THE MODERN AMERICAN DAD
BY Mary Anne Trevey
Fatherhood is changing in America. Today many fathers are taking a much more active role in the nurturing, caring for, and helping with the raising of children. This comes with its own struggles as fathers, who in previous generations were primarily breadwinners and weekend participators, now are taking on some of the primary responsibilities of providing a stable and loving environment for children of all ages. In general, Dads are less positive about their parenting abilities than are moms. For women, the mothering process begins with conception and by the time they give birth they have already spent 270 days with their new child, not including the months of preparation and attention to diet and health that may proceed a pregnancy. For fathers, birth day is day one. Because they lack the biological connection that mothers have, the new father may be intimidated and uncomfortable with his new role. But, this is changing more rapidly than expected as more and more fathers are staying at home with the children while the mother works, a social change that has occurred in the past 20 years.
The 21st century dad has to learn to be a father. Roles that traditionally belonged to women are unfamiliar to most men. But, the modern dad has actually adapted quite well. It is not uncommon to see a man pushing a stroller, sporting a baby sling, in-line for day-care pickup , or even getting up to provide baby’s 3 a.m. feeding. Most stay-at-home fathers find a lot of satisfaction in their new-found role, but there are those who feel they are not doing enough to help support the family. Still, dads are just as likely as moms to see parenting as central to their identity.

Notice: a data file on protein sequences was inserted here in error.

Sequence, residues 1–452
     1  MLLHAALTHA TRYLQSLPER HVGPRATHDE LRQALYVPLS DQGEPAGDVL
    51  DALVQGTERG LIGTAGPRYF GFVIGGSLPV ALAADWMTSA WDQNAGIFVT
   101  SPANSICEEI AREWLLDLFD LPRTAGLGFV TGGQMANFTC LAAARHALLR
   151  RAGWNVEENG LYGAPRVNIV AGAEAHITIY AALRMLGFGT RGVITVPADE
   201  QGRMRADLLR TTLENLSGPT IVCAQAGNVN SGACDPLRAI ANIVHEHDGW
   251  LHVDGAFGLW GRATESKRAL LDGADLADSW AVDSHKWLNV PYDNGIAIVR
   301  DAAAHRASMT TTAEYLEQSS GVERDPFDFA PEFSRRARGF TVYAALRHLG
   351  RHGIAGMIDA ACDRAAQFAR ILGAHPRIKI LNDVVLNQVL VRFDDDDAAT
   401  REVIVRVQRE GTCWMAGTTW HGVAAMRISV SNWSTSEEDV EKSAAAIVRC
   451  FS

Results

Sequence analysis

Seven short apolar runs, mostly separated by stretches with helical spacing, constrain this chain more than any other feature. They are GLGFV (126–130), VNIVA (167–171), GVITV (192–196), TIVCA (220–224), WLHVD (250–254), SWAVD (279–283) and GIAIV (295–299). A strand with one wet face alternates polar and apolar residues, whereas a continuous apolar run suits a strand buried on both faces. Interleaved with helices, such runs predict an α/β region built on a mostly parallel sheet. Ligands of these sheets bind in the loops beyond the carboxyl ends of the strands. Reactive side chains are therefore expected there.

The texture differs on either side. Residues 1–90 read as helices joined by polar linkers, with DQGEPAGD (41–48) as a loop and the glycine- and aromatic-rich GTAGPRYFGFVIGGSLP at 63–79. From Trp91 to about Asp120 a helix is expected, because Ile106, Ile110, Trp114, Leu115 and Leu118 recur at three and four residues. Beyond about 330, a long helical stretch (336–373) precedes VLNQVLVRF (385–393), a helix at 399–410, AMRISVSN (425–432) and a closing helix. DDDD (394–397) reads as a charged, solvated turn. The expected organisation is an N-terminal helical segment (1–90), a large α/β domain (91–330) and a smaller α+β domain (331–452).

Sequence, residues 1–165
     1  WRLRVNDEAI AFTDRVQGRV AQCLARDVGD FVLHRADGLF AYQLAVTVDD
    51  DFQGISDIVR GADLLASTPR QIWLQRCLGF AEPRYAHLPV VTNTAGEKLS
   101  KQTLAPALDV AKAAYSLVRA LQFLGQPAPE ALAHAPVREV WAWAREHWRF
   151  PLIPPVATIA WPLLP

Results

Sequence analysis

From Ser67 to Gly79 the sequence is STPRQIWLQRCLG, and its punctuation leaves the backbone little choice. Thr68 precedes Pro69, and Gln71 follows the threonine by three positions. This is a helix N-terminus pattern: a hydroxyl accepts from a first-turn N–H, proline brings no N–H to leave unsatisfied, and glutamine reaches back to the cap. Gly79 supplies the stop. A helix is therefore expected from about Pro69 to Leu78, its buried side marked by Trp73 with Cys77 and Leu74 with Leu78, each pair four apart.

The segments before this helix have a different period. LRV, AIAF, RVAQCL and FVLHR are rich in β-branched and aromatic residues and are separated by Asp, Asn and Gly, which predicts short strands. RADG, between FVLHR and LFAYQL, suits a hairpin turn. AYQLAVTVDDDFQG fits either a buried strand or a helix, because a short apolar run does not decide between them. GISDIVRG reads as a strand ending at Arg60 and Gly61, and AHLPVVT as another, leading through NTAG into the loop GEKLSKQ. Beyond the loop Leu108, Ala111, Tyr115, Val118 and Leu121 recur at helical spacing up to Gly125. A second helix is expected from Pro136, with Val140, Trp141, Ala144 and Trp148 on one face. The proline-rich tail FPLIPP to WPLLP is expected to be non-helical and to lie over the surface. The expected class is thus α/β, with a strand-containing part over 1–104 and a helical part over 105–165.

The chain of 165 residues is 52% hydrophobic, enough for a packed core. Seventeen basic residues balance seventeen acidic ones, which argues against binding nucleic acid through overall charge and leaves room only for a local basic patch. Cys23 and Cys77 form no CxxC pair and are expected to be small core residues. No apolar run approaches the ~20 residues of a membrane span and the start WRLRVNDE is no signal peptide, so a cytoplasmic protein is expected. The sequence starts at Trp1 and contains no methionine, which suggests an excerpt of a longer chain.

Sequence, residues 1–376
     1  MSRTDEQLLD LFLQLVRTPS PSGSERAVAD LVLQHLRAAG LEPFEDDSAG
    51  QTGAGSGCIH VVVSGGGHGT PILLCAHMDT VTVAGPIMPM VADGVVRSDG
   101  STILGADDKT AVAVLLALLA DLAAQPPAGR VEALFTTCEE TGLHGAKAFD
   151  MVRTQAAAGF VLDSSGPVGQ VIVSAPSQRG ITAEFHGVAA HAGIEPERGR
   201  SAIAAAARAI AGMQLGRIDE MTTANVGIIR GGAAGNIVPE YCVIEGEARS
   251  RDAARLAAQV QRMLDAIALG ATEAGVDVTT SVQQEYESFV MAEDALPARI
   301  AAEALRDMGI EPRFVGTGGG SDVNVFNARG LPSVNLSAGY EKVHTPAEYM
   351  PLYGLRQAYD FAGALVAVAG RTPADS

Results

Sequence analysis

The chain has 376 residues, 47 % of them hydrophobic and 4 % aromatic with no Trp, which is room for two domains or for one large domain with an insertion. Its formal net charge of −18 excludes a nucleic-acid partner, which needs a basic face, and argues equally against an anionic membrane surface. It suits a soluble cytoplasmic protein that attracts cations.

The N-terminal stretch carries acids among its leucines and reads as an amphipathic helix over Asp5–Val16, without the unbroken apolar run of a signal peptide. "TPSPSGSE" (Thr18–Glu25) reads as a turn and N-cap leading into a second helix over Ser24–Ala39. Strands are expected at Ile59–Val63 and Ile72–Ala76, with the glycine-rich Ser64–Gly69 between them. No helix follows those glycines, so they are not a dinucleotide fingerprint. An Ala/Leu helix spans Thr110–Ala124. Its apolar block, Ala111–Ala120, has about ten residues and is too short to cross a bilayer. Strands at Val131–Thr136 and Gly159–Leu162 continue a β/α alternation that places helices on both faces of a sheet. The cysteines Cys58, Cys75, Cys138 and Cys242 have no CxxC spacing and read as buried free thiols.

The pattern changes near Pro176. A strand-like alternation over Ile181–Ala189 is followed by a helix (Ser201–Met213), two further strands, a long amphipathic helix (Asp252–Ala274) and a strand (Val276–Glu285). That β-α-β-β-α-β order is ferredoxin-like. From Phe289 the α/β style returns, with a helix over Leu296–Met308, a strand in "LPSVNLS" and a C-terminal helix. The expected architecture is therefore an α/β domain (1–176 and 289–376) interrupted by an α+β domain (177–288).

Many businesses still feel it is more important for the man to be the breadwinner. On average, a man is given only one week of maternity leave while a woman gets eleven weeks. The perception is that a new mother is more important than a new father in the weeks immediately following birth. But, with so many women now in the workplace, some sort of compromise needs to be worked out. Sharing the child-rearing responsibilities, especially after maternity leave terminates, has given women a chance to keep their jobs and to still have time for the children. Studies have shown that it is equally important for the young child to bond with both of his or her parents. Though each gender may have different approaches to child-rearing, children seem to benefit from the input that both sexes bring. Though the perception lingers that mothers are better equipped than fathers to raise young children, the rearing of young humans has changed dramatically in the past 20 years, more than likely a benefit to children and parents as well.